There's been so much going on in the Denver art world that we reached a critical mass of activity during the last month or so, especially considering that spring is typically light. In addition to multiple shows at the Denver Art Museum and the Museum of Contemporary Art, there was the Month of Photography in March, which inspired dozens of events and a relentless string of shows from the region's co-ops, galleries and art centers.
And don't forget the many art-related announcements, such as the unveiling of the design for the Clyfford Still Museum, details of the "Biennial of the Americas," and publicity for "Dialog: City," an art festival to coincide with the Democratic National Convention.
This crowded situation makes my job a puzzle, with all of these activities being the pieces. Determining where a piece fits often depends on the date that a show comes down. Last week I plugged three photo shows and a painting exhibit, all of which are no longer available to would-be viewers. Unfortunately, I have to do the same thing this week by recommending something that has only a couple of days left.
To make matters worse, the show I'm talking about, Good Impressions: American Master Prints of the 1920s, 30s & 40s From the Collection of Frederick and Jan Mayer, at the Singer Gallery of the Mizel Arts & Culture Center, is spectacular. The hundred or so prints — representing a third of the Mayers' holdings — were selected and have been perfectly installed by Singer director Simon Zalkind.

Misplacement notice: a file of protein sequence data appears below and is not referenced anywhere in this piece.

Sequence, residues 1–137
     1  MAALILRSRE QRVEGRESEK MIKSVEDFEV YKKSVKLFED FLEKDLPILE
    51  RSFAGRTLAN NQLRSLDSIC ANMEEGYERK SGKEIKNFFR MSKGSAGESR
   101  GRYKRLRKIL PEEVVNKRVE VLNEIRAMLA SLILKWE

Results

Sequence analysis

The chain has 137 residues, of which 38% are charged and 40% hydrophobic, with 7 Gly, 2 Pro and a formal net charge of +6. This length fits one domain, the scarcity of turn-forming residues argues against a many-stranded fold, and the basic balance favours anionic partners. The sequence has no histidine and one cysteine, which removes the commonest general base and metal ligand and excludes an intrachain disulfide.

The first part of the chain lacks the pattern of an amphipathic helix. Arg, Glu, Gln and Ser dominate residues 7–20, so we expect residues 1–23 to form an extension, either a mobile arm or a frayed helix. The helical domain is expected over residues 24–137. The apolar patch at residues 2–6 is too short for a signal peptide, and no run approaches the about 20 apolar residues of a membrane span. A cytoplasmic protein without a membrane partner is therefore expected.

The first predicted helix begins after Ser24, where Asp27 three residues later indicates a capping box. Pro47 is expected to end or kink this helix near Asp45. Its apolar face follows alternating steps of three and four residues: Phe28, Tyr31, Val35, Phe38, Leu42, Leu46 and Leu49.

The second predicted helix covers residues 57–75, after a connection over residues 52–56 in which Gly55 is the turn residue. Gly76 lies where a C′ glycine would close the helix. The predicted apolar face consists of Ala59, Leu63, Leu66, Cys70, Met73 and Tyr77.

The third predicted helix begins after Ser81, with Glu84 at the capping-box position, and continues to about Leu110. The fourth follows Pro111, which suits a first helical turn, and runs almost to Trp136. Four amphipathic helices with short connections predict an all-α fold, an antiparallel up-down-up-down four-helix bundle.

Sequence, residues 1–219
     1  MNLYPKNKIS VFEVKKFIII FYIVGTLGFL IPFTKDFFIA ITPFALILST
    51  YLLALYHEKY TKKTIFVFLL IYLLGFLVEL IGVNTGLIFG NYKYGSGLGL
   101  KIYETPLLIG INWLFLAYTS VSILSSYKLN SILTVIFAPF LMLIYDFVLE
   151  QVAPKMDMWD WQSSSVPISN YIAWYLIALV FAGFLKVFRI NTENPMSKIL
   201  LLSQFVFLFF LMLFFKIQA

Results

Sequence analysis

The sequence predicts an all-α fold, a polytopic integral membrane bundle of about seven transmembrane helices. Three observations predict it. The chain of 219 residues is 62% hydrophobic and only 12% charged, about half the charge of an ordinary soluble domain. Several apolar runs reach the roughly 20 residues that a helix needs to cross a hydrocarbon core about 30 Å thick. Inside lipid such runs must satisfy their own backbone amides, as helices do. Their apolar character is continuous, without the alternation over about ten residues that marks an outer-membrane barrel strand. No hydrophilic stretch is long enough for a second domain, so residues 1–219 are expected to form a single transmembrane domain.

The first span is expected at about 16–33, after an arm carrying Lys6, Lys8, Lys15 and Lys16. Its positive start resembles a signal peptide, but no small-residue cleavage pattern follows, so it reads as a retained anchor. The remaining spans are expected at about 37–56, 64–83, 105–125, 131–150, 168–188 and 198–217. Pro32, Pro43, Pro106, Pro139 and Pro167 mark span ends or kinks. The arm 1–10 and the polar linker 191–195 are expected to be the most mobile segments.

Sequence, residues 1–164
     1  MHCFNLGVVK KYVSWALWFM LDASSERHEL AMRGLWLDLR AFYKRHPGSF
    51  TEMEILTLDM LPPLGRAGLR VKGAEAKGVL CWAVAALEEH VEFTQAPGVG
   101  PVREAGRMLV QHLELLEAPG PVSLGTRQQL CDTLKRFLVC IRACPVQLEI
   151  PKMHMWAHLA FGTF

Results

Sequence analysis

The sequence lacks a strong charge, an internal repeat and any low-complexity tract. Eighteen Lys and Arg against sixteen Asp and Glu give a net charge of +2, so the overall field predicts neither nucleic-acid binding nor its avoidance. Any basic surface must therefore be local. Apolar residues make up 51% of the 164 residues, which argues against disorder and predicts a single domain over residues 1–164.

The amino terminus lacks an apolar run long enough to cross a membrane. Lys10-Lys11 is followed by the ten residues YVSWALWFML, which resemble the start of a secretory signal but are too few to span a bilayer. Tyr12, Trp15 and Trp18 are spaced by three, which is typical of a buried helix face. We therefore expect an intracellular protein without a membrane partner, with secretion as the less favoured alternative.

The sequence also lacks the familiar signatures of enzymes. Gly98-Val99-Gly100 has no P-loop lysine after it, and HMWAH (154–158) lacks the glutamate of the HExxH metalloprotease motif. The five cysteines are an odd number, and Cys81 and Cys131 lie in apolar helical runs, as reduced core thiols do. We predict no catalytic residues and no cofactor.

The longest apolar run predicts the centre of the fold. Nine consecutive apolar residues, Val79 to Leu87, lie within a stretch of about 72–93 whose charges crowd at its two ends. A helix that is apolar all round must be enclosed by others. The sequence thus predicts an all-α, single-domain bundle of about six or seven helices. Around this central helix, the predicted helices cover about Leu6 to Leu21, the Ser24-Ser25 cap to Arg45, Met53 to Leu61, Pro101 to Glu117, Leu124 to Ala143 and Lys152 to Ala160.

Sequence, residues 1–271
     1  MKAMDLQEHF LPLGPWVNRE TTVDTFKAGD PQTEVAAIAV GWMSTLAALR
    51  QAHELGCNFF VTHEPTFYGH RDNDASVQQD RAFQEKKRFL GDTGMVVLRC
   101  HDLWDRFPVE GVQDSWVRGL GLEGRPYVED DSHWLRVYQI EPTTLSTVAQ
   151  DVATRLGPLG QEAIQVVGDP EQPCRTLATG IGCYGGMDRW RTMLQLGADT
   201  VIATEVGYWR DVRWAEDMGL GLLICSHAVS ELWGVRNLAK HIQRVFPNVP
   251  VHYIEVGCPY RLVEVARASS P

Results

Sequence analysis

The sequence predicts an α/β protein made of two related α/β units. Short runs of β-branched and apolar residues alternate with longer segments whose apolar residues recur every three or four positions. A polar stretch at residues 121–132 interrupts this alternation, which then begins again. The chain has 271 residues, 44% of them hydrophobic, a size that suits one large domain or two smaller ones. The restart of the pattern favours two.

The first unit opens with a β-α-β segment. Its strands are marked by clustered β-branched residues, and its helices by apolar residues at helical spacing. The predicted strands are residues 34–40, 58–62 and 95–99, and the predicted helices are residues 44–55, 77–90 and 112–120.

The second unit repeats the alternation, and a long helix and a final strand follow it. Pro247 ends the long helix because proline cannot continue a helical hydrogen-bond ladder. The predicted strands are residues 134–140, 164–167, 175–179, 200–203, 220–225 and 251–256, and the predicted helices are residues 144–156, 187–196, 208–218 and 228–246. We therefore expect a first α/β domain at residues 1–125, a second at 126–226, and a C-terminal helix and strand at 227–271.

Frederick Mayer, who died last year, and his wife, Jan, were avid collectors with wide-ranging interests. The couple is probably best known for their pre-Columbian and Spanish Colonial pieces, many of which they gave to the DAM. But they also collected other things, including these early-twentieth-century prints.
Zalkind is well-connected and has a well-established reputation as a curator, so he simply rang up Jan Mayer and asked if he could display selections of her print collection — and she readily agreed. The Mayer collection has its own curator, Ann Daley, who's also a curator at the DAM, and she helped Zalkind access the prints.
Back in the 1980s, the Mayers took an interest in collecting works related to the American scene movement of the first third of the twentieth century, in which artists recorded the modern sights of both urban and rural life in a variety of styles then in vogue. Even two decades ago, paintings by the most important of these artists were fairly expensive, so Zalkind and other consultants and curators recommended that the Mayers gather prints from that period as a way of assembling a great collection for relatively little money.